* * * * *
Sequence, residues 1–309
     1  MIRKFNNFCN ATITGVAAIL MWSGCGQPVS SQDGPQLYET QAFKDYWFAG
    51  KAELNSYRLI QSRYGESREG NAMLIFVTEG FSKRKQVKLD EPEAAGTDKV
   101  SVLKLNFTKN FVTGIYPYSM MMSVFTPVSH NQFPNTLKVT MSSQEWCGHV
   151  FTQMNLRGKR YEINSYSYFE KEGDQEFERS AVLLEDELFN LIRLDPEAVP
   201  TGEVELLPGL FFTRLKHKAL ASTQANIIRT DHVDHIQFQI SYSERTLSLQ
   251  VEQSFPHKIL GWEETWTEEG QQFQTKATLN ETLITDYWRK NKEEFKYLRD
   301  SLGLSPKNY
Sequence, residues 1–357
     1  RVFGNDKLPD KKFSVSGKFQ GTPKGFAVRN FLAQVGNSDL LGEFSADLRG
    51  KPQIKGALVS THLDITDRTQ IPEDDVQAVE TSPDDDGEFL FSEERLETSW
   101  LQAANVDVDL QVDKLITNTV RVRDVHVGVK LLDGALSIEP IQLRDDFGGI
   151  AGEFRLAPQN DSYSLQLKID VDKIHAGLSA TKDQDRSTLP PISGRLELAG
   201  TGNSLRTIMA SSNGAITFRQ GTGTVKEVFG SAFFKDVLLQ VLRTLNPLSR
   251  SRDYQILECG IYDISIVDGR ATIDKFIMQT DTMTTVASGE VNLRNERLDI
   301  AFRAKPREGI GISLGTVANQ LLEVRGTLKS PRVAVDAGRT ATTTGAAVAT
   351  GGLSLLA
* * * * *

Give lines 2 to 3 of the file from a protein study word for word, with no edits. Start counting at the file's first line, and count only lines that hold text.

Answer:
     1  MIRKFNNFCN ATITGVAAIL MWSGCGQPVS SQDGPQLYET QAFKDYWFAG
    51  KAELNSYRLI QSRYGESREG NAMLIFVTEG FSKRKQVKLD EPEAAGTDKV